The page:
Marketing Students Study Up on Terrace Community Middle School, Present Plans to Boost Image
By Keith Morelli
TAMPA (November 30, 2017) -- Splashing a nonprofit, charter school's website with vibrant colors and adding more photos, starting a "Trick-or-Treat Street" and keeping better track of alumni were just a few suggestions offered by Muma College of Business marketing students to help the Terrace Community Middle School boost its profile in the community.
The seniors in Assistant Professor Mark Bender's marketing capstone class came up with several plans to shine more of a light on what one director called Hillsborough County's "best kept secret" and help out a school full of high-achieving, middle-school students along the way.
The marketing course is always on the lookout for projects to help outside businesses, organizations or, in this case, a public school. It's part of the Muma College of Business effort to connect with the community and establish itself as a resource for solving problems through analytics and creativity.
Terrace Community Middle School, located just a few miles from the University of South Florida's Tampa campus, has twice won the U.S. Department of Education's National Blue Ribbon School of Excellence award since 2007 and is the top ranked public school in Hillsborough County – and fourth in the state – based on 2016-17 Florida Standards Assessments scores. It has received an "A" grade every year since 2000.
And yet, the school's board of directors wonder if enough is being said about the school's strengths. So they reached out to the Muma College of Business to get some fresh ideas from some marketing majors, who studied the issue as part of group projects and came up with presentations this week.
"This is a live project," Bender said. "Students work in groups to identify and address the needs of the school in a formal written plan and accompanying presentation. While other professors who teach this course have their own selection criteria, I try to work with local businesses who may have limited resources to plan their own campaigns or create their own marketing plans.
"TCMS was interested in generating ideas for a campaign that would help increase awareness in the local communities," Bender said. "Given that charter schools have become politicized in our current political climate, it was especially important for TCMS to consider campaigns that would clarify the mission statement of the school.
For many in the class, this is the first time they have had the chance to work with an actual organization, Bender said.
"This allows the students not only to learn how to properly manage expectations and ask the right questions as they create their plans," he said, "but also to receive feedback on their projects from the client."
Most presentations agreed that much more can be done to upgrade the school's online presence and social media pages.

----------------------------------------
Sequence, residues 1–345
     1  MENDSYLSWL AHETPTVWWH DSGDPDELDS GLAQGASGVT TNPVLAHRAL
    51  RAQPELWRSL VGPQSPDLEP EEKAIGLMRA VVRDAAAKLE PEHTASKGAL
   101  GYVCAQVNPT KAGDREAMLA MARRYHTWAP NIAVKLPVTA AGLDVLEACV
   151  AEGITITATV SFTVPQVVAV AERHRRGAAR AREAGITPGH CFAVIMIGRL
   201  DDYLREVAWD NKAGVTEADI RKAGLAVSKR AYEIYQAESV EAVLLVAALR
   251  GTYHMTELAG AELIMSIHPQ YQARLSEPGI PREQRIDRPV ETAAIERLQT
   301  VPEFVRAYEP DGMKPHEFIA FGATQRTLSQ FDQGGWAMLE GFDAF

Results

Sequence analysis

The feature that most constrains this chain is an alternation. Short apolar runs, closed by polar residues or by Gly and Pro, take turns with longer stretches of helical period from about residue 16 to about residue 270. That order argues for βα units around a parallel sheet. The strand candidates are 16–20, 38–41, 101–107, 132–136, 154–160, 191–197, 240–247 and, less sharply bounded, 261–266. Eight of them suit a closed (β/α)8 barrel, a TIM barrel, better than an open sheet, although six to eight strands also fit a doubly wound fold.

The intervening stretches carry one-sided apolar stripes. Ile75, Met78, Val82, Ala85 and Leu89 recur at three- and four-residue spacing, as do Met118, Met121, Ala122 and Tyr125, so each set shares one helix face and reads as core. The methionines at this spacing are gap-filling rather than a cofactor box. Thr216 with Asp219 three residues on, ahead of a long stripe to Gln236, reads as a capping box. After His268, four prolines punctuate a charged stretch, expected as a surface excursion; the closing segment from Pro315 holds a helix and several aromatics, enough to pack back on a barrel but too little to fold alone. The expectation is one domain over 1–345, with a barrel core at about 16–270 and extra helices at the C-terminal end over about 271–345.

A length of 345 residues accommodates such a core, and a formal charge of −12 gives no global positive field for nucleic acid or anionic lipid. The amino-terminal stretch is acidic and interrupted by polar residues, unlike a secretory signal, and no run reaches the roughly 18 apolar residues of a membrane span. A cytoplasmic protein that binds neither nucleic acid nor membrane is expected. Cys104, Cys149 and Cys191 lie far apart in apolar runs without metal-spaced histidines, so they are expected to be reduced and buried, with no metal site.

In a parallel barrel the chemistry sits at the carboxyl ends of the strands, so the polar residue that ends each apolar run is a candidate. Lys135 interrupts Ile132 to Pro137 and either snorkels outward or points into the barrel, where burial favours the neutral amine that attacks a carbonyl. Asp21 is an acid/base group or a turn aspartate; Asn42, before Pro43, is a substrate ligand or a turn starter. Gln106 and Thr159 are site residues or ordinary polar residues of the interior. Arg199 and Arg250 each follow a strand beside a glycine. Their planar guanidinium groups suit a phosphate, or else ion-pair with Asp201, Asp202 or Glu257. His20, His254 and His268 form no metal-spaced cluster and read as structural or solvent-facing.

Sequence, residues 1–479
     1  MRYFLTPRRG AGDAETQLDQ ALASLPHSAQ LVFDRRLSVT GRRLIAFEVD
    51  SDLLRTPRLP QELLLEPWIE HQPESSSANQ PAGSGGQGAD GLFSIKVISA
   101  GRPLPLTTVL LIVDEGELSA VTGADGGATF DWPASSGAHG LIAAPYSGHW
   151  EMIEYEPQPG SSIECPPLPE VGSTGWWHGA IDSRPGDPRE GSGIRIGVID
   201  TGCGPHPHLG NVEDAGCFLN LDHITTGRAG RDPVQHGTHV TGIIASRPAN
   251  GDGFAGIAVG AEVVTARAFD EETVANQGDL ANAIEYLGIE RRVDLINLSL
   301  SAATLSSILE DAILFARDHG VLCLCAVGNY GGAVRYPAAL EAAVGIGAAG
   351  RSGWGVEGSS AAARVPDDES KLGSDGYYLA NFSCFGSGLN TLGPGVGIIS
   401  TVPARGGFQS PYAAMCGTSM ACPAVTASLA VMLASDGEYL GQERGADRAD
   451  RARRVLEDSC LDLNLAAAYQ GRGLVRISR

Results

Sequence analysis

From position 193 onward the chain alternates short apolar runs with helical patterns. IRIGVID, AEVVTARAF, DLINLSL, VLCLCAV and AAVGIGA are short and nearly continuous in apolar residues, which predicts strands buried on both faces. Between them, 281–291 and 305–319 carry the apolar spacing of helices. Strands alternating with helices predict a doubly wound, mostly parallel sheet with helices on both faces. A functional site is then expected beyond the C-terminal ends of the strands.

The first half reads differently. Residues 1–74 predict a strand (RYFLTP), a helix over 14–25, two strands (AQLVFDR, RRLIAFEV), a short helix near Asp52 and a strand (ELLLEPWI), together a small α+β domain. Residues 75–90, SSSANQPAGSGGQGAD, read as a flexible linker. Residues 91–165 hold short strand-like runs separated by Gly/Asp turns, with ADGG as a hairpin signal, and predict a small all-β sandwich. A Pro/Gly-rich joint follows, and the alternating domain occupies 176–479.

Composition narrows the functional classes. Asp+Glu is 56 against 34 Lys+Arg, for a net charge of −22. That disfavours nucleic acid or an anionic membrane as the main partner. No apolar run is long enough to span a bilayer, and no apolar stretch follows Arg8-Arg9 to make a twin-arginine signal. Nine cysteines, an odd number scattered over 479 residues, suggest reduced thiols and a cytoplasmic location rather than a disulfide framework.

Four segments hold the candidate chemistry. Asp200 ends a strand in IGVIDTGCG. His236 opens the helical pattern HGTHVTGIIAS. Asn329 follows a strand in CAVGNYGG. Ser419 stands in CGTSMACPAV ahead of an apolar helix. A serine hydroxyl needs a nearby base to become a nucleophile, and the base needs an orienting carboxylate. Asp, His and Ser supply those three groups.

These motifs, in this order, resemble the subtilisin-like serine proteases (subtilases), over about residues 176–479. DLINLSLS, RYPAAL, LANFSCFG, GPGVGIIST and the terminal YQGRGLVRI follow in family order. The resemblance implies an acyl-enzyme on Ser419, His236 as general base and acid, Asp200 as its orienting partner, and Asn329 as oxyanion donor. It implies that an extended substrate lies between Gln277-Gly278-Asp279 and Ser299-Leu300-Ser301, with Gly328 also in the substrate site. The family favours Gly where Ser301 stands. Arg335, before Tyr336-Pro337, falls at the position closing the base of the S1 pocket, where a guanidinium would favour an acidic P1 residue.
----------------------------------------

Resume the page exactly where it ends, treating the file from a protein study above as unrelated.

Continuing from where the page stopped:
"Your website, we believe, is the biggest area that needs improvement," said Megan Dias, a senior in the class, addressing TCMS board members and administrators seated across much of the back row of BSN 118. On a PowerPoint, Dias showed a proposed makeover of the school's website, with splashes of color and photographs and a list of upcoming events.
"More photos, less wordy," she said. "People like going to a website that has pictures."
Marketing major Brianna Fields suggested creating a YouTube video, something special that could go viral to reach a wider audience. YouTube, she said costs nothing, except for the time. Other suggestions included creating a professionally produced video and get a professional athlete or local celebrity to support the school. That could actually be feasible, said one school representative. Dave Andreychuk, former Tampa Bay Lightning player, is a former member of the TCMS board.
Each student team examined the middle school's strengths, weaknesses, opportunities and threats; weighing all the factors before making recommendations on how to get the word out about the positives offered by TCMS, which now, most agreed, relies primarily on word of mouth.
Lew Kirk, founding member of the TCMS Board of Directors, will recommend to the board, which meets in December, that it adopt several of the ideas from the class presenters.
"The first is to initiate two marketing internships at TCMS each semester," said Kirk, who attended the presentations. This would provide an on-going foundation for the marketing function at the school. I liked the idea of developing a mobile app for TCMS and YouTube video testimonials by a variety of members from the TCMS community should also get serious consideration."
Greg Mesaros, a member of the TCMS Board of Directors, attended the class to get, firsthand, the advice from the students.
"Overall, I felt the students put in thoughtful effort and came back with interesting marketing concepts for TCMS," he said. "They appeared eager to apply the knowledge gained from Dr. Bender's course to a real-case scenario and did so in a concise, practical and meaningful way. Their suggestion to have USF students implement the strategies discussed as part of an ongoing internship program between USF and TCMS is one that the board should strongly consider."